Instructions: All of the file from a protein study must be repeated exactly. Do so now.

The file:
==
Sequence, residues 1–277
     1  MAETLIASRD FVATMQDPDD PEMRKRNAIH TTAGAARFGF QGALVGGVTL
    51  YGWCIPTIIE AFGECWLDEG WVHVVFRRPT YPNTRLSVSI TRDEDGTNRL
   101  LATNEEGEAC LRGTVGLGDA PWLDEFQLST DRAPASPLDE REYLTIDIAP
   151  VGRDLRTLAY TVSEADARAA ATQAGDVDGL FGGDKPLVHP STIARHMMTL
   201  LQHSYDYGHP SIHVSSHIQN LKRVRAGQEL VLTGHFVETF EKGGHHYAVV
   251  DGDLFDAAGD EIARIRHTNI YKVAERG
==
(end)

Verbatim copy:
Sequence, residues 1–277
     1  MAETLIASRD FVATMQDPDD PEMRKRNAIH TTAGAARFGF QGALVGGVTL
    51  YGWCIPTIIE AFGECWLDEG WVHVVFRRPT YPNTRLSVSI TRDEDGTNRL
   101  LATNEEGEAC LRGTVGLGDA PWLDEFQLST DRAPASPLDE REYLTIDIAP
   151  VGRDLRTLAY TVSEADARAA ATQAGDVDGL FGGDKPLVHP STIARHMMTL
   201  LQHSYDYGHP SIHVSSHIQN LKRVRAGQEL VLTGHFVETF EKGGHHYAVV
   251  DGDLFDAAGD EIARIRHTNI YKVAERG